Jay Leno called the next day.
"We were off to the races," Zimmern said.
Though Zimmern has since built a massive food empire, he's still known as the bald white guy who eats bugs in weird places. That's a pet peeve of his, but he does keep a jar of dried grasshoppers in his St. Louis Park office and pops them like peanuts at meetings. And he doesn't eschew his reputation for looking at live animals and seeing a meal, either.
At the Midwest Living shoot, Zimmern barreled through the door with a leather pouch full of knives and boomed, "Can we kill and eat the chicken?"
Kelly Lainsbury, the vice president of branding and marketing for Food Works, replied dryly: "I promised them that wouldn't happen."
But Zimmern's drive to see, eat and learn about every seemingly odd foreign culinary practice has always been about much more than shock value: He wanted to connect the other bald white guys at home with different people, different cultures and what was going on halfway across the planet.
He wanted to give back. And he wanted to stay clean.
"I wanted to teach patience, tolerance and understanding in a world that wasn't having it," he said. "It was totally selfish. I learned early on that the way to stay sober was to do things for other people.
"I so desperately did not want to go back to that place in New York I crawled out of."
Telling tales and listening
It's quiet on the set in the Hopkins studio, as Zimmern wraps Vietnamese summer rolls.
He folds vermicelli, fresh herbs and fried chicken into rice paper sheaths as the cameras roll, shooting a cooking video for his website.
"You want to snug up your ingredients so it's nice and firm," he says. "Just snug 'em up. It's like packing socks in a suitcase."
He stops, pauses and, with intention, repeats the last sentence.
It seems Zimmern is always on.
In his spare moments, he holds court with anyone who is around. One morning, the tale du jour is of a stowaway who snuck onto a private airplane to get some face time with the culinary celeb. The next day, he's waxing poetic about his high school band (the Aromatic Prawn Explosion), an Emirates A380 flight ("it's heaven") and the previous weekend's trip around the world.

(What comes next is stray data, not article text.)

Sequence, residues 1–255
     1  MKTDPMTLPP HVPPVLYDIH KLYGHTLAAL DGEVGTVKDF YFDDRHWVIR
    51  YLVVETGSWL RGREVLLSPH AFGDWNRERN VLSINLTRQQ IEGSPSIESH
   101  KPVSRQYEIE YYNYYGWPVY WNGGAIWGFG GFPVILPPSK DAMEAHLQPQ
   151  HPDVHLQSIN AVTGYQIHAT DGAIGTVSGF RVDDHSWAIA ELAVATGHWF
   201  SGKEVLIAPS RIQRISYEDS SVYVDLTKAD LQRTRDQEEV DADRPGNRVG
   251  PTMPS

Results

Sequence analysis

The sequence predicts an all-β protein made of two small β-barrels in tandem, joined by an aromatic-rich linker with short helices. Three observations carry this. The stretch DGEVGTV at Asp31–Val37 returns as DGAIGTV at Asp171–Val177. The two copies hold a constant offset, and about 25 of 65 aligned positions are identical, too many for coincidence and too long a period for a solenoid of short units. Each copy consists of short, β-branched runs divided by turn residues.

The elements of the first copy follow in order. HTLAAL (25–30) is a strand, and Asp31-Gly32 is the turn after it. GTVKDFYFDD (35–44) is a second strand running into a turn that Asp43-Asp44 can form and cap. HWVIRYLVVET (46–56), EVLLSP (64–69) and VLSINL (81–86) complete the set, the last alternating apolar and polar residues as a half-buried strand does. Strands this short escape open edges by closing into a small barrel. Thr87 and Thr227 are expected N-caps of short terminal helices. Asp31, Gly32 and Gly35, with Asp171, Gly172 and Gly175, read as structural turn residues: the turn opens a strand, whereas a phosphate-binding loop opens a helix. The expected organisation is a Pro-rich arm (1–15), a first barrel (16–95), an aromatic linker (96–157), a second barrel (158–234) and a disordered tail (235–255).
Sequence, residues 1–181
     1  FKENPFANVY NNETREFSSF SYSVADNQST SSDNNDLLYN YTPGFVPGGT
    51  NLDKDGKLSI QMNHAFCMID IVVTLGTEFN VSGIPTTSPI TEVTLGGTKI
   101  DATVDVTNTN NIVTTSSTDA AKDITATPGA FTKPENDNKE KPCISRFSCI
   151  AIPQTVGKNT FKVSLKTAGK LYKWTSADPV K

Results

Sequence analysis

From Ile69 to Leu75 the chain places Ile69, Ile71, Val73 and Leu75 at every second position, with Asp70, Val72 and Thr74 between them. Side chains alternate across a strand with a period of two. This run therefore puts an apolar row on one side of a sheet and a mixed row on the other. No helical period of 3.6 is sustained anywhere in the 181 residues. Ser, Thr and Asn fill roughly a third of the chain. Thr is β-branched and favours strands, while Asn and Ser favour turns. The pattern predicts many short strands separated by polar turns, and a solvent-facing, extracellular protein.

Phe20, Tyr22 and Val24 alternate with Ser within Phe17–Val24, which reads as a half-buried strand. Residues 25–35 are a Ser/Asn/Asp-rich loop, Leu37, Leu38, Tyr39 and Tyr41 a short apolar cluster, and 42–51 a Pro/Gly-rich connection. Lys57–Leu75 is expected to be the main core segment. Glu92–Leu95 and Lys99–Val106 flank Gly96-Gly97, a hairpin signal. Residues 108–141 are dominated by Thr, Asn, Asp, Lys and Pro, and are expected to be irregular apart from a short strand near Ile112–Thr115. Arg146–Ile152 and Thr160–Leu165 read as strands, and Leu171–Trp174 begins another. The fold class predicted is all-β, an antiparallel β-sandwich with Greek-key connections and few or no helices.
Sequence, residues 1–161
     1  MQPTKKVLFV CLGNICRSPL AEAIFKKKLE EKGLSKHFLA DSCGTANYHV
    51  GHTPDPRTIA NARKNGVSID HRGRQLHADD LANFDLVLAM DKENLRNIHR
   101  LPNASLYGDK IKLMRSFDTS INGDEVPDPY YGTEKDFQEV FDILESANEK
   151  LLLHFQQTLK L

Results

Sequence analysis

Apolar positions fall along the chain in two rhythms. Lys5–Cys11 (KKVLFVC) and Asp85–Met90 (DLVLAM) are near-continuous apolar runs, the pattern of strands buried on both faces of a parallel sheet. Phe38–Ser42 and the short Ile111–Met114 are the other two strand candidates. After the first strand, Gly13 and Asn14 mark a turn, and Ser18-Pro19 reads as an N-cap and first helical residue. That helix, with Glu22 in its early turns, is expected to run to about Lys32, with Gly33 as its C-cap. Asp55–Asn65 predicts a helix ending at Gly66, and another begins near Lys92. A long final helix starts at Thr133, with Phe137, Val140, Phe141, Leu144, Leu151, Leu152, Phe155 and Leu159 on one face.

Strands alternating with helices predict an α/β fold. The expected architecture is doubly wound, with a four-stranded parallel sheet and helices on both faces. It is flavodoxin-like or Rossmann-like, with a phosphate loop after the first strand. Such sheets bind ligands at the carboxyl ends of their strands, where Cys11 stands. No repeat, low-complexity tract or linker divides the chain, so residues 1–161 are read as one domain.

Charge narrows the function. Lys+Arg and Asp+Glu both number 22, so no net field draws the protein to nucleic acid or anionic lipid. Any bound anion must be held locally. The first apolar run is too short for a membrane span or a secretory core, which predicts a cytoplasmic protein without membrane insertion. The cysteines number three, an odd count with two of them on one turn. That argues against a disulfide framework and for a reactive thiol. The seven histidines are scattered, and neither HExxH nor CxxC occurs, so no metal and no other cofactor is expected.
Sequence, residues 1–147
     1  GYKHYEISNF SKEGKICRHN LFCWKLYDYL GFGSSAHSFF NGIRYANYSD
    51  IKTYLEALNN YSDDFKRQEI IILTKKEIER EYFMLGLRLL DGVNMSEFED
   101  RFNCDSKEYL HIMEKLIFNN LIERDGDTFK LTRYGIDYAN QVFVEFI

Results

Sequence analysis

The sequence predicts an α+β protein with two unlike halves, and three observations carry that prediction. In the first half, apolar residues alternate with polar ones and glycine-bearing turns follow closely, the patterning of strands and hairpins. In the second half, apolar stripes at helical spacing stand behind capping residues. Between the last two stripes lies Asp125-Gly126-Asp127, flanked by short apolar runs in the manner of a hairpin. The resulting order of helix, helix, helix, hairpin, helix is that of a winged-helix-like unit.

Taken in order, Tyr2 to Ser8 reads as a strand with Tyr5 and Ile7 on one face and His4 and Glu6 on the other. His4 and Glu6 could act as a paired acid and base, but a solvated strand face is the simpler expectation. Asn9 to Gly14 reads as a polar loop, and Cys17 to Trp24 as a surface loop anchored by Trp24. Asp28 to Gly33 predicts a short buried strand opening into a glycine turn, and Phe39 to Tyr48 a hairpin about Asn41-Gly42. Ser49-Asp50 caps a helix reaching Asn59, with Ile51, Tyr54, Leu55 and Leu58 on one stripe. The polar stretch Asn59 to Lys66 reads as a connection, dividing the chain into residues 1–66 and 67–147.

"I'm at a hunters' lodge in the Northern Yukon, shooting animals and roasting them over an open fire with the locals," he said. "And seven hours later, I'm on a flight to Dubai. Then I have to come around the rest of the way back home, and that's all in the span of three days."
When Food Works producer Arwen Tag tells Zimmern she has improved as a cook since working on the show, he retorts, "Arwen, the day I walked up and said 'Hi, I'm Andrew Zimmern,' your cooking improved."
Though confidence oozes through Zimmern's pores the way booze once did, he's not arrogant.
"I've worked with a lot of celebrities and he's unique," said Colin Threinen, a freelance photography director. "He's not controlling. He takes ideas. He trusts his staff and he really relies on them."
‘Miracles are real’
Twenty-six years ago, when Zimmern arrived in the Land of 10,000 Lakes, his first lucid thought was "Where the hell am I?"
He planned on completing his rehab and getting the heck out. But somewhere between the halfway house and his perch atop the culinary word, he fell in love — first with a place, then with a woman, Rishia. The two later married and have a son, Noah.
These days, the man with the thick Manhattan accent calls himself a Minnesotan, though his mother-in-law jokes that he talks too fast and has too great an ego to pass for one.
Zimmern loves to eat at Spoon and Stable and Bellecour — he's an investor in both — as well as more obscure Asian gems.
"For all the restaurant community, when he goes out there and says, 'This place is amazing — run, don't walk to get there,' that's a true genuine post from him and that's a great promotion," said Gavin Kaysen, chef/owner at Spoon and Stable and Bellecour. "But it's not just promoting one single restaurant — he's promoting the food scene. It shows he really believes in us and is proud of what's around him. We all reap the benefits of that."
Still, given his intense travel schedule — he's typically gone six months out of the year — Minnesotans are more likely to see him on a TV screen than at their favorite restaurant.
When he's in town, he relishes a slower pace, playing disc golf at Bryant Lake Regional Park and roasting chicken for his family using his grandmother's recipe.
He continues to be involved with Hazelden Betty Ford Foundation, where he completed treatment, as well as other local nonprofits addressing addiction and homelessness — donating money, hosting dinners and speaking at fundraisers.
On the rare occasions he looks back at his old life, he barely recognizes it. Then, he was a user of people and a taker of things.
And now? Now, he's found peace, and a belief that there is goodness in his soul.
"I think I've always had this in me," Zimmern said. "It was just covered up by a lot of junk. You have to peel away the rotted layers of the onion to get down to the core."
That January day in 1992, Zimmern started peeling.
He's well aware that coming to the state saved his life, and gave him the foundation for what would ultimately become an empire.
"I can't believe it when I look back at who I was in the '80s and who I am now. It's not the same person," he said. "Miracles are real. I've seen them."
Story by Amelia Rayno / Star Tribune (Minneapolis)